A floor to ceiling map introduces visitors to the landscape of the Eastern Ghats, parallel to the eastern coast of India, stretching from Odisha to Tamil Nadu. A door ahead leads to a sun-lit room with a window facing the mountains, featuring water-colour sketches of iconic species of plants found in the region, including several that are found only within the Eastern Ghats. A few of these are severely threatened with extinction.
The new Nature Interpretation Centre, a separate section at the recently-inaugurated Eastern Ghats Biodiversity Centre near PM Palem, is an immersive experience of traversing through the diverse ecosystems of the region, that has long awaited a systematic documentation. Located along the periphery of the Kambalakonda Wildlife Sanctuary in Visakhapatnam, the centre is a first-of-its-kind art-led project of the Andhra Pradesh Forest Department.
The brainchild of Visakhapatnam Divisional Forest Officer Anant Shankar, each section offers visitors a multifaceted view highlighting the region’s natural wonders complemented by creative art displays.
A bilingual project in English and Telugu, the centre is an interesting collaboration among research, content and art, put together by a team consisting of Bengaluru-based wildlife artist Sangeetha Kadur and illustrators, sculptors, architects, wildlife biologists, translators and content creators from across India.
“This centre showcases the critical ecosystems of the Eastern Ghats and also shows the association of tribal communities with the forests. Divided into different sections in the ground and first floors, it throws light on marine, coastal and wetland ecosystems. The mangrove ecosystem replica is the highlight of the Nature Interpretation Centre,” says Anant Shankar.
Located in the first floor, the mangrove wall highlights the mangrove forest that stands like a wall of defense along the Andhra Pradesh coast protecting it from storms and cyclones. It also features creatures that inhabit them, including the elusive fishing cat. “We have recreated a scene from a mangrove forest and for realistic depiction, have brought roots from a mangrove forest. The wall also uses laser cuts for an extra dimension and an interesting visual perspective,” says Megha Moorty of RoundGlass Sustain, a social impact initiative that collaborated in the project.
The integration of art work and sculptures seamlessly blend into the surrounding landscape, inviting guests to contemplate the intricate relationship between art and Nature.
“The choice to use illustrations and art (over photographs) was deliberate. An artist has complete control over how to depict a space — to control the angle of the species, the background, the lighting. An artist is able to curate the scene. However, it comes with great responsibility to ensure the depictions are accurate and we highlight species that need our attention. Art also has the ability to draw people in, and hold their attention. It is not age-specific. Our hope is that this art project will inform, educate and inspire visitors to care about the rich biodiversity of the Eastern Ghats,” says Sangeetha. While most of the walls have digital illustrations pieced together to present the larger picture, two panels related to the flora of Eastern Ghats were illustrated in water-colour on paper by Sangeetha and Bengaluru-based artist Shilpashree, which was later scanned to be produced digitally along with the text.
The ground floor shines the spotlight on four of the most elusive and endangered species of the Eastern Ghats — the Indian pangolin, Mysore slender loris, Jerdon’s courser and Jeypore ground gecko. “ TC Jerdon, a British surgeon and naturalist, first recorded the Jerdon’s Courser in 1848 from the Eastern Ghats. However, for 85 years, it wasn’t seen and thought to be extinct, until it was rediscovered in 1986 in Kadapa district,” says Megha. The Indian pangolin is one of the most trafficked animal in the world, smuggled in India and across borders for its scales and other body parts that are wrongly believed to have medicinal uses.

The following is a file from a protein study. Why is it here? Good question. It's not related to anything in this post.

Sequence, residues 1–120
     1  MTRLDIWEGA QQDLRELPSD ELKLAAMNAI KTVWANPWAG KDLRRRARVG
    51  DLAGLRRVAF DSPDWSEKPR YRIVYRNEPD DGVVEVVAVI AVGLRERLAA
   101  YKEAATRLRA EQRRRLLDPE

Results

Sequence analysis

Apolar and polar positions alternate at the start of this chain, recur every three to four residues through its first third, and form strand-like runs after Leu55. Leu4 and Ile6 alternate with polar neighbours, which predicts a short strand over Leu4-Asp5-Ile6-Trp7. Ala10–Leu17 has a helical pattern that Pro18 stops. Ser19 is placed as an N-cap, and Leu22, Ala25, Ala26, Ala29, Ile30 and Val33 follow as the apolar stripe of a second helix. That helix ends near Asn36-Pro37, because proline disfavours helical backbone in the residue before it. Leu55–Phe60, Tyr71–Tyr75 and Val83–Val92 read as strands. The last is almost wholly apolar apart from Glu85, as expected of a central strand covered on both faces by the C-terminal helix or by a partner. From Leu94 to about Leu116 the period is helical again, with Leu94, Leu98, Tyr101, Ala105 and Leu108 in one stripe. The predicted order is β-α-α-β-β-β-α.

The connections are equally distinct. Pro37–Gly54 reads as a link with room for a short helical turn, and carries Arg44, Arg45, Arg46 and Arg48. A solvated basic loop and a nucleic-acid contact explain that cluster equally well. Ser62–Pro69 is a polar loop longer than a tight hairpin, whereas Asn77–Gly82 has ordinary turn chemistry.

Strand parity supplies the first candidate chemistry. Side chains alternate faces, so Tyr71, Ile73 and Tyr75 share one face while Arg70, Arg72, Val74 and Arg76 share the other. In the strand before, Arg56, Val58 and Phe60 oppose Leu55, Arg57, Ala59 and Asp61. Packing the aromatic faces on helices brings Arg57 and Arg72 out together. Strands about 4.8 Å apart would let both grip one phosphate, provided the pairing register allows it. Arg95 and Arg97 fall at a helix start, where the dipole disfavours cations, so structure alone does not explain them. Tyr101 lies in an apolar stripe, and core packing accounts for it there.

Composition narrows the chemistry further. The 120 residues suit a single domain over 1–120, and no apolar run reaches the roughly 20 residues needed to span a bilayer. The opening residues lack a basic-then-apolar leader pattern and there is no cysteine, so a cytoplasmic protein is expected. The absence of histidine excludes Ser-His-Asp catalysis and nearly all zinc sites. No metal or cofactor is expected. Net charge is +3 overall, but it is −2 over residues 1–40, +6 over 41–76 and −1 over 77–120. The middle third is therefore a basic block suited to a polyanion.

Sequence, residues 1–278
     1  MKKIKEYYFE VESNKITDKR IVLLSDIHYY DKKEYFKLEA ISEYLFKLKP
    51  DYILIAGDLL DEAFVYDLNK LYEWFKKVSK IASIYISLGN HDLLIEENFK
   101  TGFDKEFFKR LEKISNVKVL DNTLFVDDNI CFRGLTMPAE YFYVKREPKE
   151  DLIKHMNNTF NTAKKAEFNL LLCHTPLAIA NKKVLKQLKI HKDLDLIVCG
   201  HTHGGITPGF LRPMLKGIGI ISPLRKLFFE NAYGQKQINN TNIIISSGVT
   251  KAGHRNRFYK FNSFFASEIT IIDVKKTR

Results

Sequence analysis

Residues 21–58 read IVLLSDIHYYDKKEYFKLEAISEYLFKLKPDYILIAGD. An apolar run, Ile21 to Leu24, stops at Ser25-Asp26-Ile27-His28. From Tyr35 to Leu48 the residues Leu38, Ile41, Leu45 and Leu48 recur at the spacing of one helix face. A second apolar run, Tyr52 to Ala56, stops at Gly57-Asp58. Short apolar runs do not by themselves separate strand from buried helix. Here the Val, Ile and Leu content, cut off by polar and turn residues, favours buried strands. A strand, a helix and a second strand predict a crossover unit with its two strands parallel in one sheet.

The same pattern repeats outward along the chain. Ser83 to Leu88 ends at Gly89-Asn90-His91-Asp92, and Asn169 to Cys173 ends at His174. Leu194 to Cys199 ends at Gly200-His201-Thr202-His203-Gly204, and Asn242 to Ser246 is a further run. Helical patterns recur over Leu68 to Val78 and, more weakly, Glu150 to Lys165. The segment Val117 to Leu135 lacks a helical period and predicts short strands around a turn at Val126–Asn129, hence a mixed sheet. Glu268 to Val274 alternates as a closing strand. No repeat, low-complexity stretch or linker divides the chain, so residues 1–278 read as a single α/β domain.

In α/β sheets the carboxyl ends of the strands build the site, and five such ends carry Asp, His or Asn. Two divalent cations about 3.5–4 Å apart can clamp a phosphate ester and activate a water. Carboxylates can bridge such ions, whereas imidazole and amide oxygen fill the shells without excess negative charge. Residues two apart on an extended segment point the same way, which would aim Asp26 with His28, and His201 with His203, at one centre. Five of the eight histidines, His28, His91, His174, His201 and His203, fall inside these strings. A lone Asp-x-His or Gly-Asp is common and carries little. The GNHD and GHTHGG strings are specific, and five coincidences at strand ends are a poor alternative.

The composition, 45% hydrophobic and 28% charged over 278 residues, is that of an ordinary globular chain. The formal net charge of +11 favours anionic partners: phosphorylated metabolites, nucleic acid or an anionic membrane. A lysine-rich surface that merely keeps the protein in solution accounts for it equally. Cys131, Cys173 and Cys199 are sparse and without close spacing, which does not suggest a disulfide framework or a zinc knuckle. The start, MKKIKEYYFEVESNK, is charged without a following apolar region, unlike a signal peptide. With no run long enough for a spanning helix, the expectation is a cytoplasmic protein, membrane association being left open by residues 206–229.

Another special section is dedicated to forests and highlights the lesser-known facets of Kambalakonda Wildlife Sanctuary, which hosts dry evergreen forests, a highly-threatened and unique forest type seen only in Tamil Nadu and Andhra Pradesh in India.
The first floor has richly illustrated sections on river that highlights the four rivers – Mahanadi, Godavari, Krishna and Cauvery – that flow through the Eastern Ghats; an inter-tidal zone; a section dedicated to butterflies featuring their spectacular migration from Eastern to Western Ghats; and a marine and a ficus section.
In a small corner, the caves section is coming up that invites people to experience the low-light ecosystem in a sculpted room. This will showcase replicas of stalactites and stalagmites and different cave formations of the region, in an attempt to recreate the feeling one would get if they walked into a cave including its soundscapes. The section will focus on some of the lesser-known cave species and highlight their survival strategies in the challenging ecosystem that exists without light. Local sculptors have recreated the structures in the cave room.
While a majority of work at the Nature Interpretation Centre of the Eastern Ghats is over, the rest will be completed by the end of December. The place promises to be a haven where conservation, education and artistic expression converge., beckoning visitors to explore and cherish the enchanting tapestry of the Eastern Ghats.
The Eastern Ghats Biodiversity Centre near PM Palem (beside Vizag Conventions) is a full-fledged knowledge hub that has sections like a medicinal plant garden, an orchidarium, a library (coming up) that focuses on Nature literature, a ficus garden with 46 species and a one-its-kind Nature Interpretation Centre of the Eastern Ghats. Open from 9am to 5pm.